Yeah, both my ThinkPads have a crappy boot manager menu, which basically just lists whatever it sees in Bootnnnn NVRAM variables. Right now, my one-and-only entry, called "ubuntu," points to \EFI\ubuntu\grubx64.efi. EFI boot appears to allow me to skip the irrelevant GRUB stuff and directly boot-load the kernel. Just need to spend a couple hours learning how to stitch it all together.

  6. #16
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    That's pretty simple (lets think you use /dev/sda1 for /boot/efi - basically i would not even need -d/p in that case and /dev/sda2 for /), try this
    Code:
    sudo cp /boot/vmlinuz-$(uname -r) /boot/efi/EFI/ubuntu/linux.efi
    sudo efibootmgr -c -d /dev/sda -p 1 -l '\EFI\ubuntu\linux.efi' -L 'Ubuntu direct' -u 'quiet root=/dev/sda2'
    instead of root=/dev/sda2 you could use in the case you have got gpt this:
    Code:
    echo root=PARTUUID=$(blkid -p -s PART_ENTRY_UUID -o value /dev/root)
    Thats usually not needed for only 1 internal hd, but would not hurt of course. A partuuid is the id of the partition and NOT the id of the filesystem, this is not supported without initrd. It is possible to boot with initrd as well, but i think you wanted to boot with max speed.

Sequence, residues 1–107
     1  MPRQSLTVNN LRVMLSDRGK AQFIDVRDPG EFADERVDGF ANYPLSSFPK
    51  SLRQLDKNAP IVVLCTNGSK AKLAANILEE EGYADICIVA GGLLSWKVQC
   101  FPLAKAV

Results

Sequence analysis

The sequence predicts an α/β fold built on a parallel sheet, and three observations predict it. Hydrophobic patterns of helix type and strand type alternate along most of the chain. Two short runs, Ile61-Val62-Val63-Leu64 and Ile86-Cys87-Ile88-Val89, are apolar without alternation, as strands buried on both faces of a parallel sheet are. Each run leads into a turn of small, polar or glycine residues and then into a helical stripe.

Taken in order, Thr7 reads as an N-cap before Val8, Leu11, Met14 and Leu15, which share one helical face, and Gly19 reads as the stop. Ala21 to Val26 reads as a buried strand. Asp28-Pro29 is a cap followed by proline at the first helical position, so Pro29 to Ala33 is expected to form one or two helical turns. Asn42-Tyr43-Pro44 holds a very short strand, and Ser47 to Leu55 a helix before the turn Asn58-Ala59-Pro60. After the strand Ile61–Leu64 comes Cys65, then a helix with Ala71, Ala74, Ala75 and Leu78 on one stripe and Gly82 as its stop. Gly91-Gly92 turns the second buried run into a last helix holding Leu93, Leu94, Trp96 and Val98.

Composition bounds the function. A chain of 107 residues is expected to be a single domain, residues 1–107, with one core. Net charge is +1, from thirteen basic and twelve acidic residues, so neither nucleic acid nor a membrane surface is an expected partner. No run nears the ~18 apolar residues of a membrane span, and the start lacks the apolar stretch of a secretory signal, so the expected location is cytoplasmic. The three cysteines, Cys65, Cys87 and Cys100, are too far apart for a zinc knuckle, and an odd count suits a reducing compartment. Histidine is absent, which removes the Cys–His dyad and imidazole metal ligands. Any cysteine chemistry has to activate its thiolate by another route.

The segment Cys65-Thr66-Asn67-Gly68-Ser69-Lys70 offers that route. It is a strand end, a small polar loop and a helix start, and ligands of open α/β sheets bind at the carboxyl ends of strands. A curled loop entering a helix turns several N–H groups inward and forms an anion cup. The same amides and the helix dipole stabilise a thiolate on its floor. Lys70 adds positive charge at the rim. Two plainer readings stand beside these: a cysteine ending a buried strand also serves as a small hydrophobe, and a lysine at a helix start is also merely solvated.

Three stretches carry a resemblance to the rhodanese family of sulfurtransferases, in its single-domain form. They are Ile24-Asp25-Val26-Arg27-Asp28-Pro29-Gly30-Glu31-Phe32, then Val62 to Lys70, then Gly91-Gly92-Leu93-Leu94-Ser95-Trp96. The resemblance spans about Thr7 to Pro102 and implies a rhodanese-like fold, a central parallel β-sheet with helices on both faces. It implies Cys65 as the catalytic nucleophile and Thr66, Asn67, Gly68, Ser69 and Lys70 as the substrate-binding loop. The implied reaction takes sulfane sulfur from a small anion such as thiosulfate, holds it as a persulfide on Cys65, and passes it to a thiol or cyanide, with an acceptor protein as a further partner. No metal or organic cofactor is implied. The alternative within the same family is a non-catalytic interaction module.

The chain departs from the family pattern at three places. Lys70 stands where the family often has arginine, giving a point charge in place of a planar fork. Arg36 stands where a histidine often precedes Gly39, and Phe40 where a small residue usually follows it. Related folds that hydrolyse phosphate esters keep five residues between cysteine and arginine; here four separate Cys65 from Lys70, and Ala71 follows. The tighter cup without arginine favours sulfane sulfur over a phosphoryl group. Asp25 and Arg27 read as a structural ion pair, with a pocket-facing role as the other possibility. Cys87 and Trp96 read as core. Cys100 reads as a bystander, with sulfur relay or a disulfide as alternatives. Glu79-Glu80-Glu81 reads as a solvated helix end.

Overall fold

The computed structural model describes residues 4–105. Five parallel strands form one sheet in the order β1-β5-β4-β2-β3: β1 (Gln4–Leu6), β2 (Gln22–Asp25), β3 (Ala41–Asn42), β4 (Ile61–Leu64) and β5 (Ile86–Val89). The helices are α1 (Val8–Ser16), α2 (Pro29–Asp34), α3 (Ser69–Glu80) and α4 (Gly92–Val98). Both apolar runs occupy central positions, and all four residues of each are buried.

7. #17
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    Quote Originally Posted by Kano View Post
    That's pretty simple (lets think you use /dev/sda1 for /boot/efi - basically i would not even need -d/p in that case and /dev/sda2 for /), try this
    Code:
    sudo cp /boot/vmlinuz-$(uname -r) /boot/efi/EFI/ubuntu/linux.efi
    sudo efibootmgr -c -d /dev/sda -p 1 -l '\EFI\ubuntu\linux.efi' -L 'Ubuntu direct' -u 'quiet root=/dev/sda2'
    instead of root=/dev/sda2 you could use in the case you have got gpt this:
    Code:
    echo root=PARTUUID=$(blkid -p -s PART_ENTRY_UUID -o value /dev/root)
    Thats usually not needed for only 1 internal hd, but would not hurt of course. A partuuid is the id of the partition and NOT the id of the filesystem, this is not supported without initrd. It is possible to boot with initrd as well, but i think you wanted to boot with max speed.
    actually it is not that simple, because initrd may be required.